Clear The Air News Blog Rotating Header Image

Business groups back air quality plan, despite activists’ criticism

Cheung Chi-fai and Paggie Leung, SCMP

Two major business groups have thrown their weight behind the air quality improvement plan unveiled by the government two days ago, despite reservations voiced by a clean air advocacy group.

Teresa Au, deputy chairwoman of the General Chamber of Commerce environment and sustainability committee, said it was worth paying for better air, which was vital to the city’s competitiveness and attractiveness to overseas talent.

“There is always a price for better environment and long-term benefits will require some short-term investments,” she said.

Suen Kai-lit, the new chairman of the Federation of Hong Kong Industries, also backed the plan, saying: “We support the government putting in more effort to improve the environment, even if it needs to use taxpayers’ money.”

But the Clean Air Network, a newly formed advocacy group on air quality, said even if the new targets were met, it would not be enough to prevent harm from bad air.

A consultation paper has proposed a set of air quality objectives and 19 control measures to attain them. It offered no timetable but said the measures had the potential to increase the average life expectancy of city dwellers by a month.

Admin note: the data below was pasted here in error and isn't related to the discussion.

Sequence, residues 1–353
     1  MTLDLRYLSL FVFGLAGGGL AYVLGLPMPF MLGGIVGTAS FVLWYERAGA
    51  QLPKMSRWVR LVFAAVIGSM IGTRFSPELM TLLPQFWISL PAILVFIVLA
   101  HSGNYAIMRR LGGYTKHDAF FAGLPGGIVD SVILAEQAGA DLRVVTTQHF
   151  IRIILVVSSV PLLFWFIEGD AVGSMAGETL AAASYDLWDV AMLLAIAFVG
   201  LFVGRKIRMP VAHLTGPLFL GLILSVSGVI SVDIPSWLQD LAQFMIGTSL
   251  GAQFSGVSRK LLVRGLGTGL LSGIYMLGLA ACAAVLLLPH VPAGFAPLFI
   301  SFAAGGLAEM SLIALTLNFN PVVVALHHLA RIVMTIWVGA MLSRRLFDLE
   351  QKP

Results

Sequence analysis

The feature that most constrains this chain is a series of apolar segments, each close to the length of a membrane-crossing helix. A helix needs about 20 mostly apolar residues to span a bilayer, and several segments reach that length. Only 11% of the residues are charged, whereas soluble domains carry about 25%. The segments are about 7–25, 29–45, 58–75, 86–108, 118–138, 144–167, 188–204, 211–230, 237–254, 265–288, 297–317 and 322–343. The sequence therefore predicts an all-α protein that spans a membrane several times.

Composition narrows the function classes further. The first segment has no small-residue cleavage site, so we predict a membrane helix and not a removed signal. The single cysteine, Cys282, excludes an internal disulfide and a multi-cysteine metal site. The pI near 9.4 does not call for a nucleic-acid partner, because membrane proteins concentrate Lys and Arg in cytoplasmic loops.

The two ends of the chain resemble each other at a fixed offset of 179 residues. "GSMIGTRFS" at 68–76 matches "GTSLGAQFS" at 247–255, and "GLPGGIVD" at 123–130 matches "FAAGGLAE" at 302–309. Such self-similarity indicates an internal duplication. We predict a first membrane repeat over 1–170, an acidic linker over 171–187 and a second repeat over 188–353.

Ms Au said the lack of a timetable would give officials room to negotiate with power firms and bus operators who would be asked to use cleaner fuel and phase out polluting vehicles.

She said the chamber would submit a detailed response later.

Mr Suen said that if power stations had to use cleaner raw materials to improve air quality, consumers would be prepared to pay more for electricity.

But the Clean Air Network said if the measures were implemented, there would still be at least 950 premature deaths a year, compared with about 1,100 based on emissions figures for 2007.

The estimates were projected from the Hedley Index, developed by local scientists, which tracks the health and economic costs of pollution.

Lai Hak-kan of the University of Hong Kong’s department of community medicine said new sulphur dioxide targets could be worse than the existing ones as they allowed more exemptions.

“We are surrounded by ports in the region and many ocean-going vessels are using dirty fuel loaded with sulphur. But we do not see the government taking it seriously,” he said.

Meanwhile, Secretary for the Environment Edward Yau Tang-wah told RTHK that the consultation was “not all about expenses”.

“The energy-efficiency measures can give savings to consumers and rationalising bus routes costs almost nothing and saves running costs.”

Comments are closed.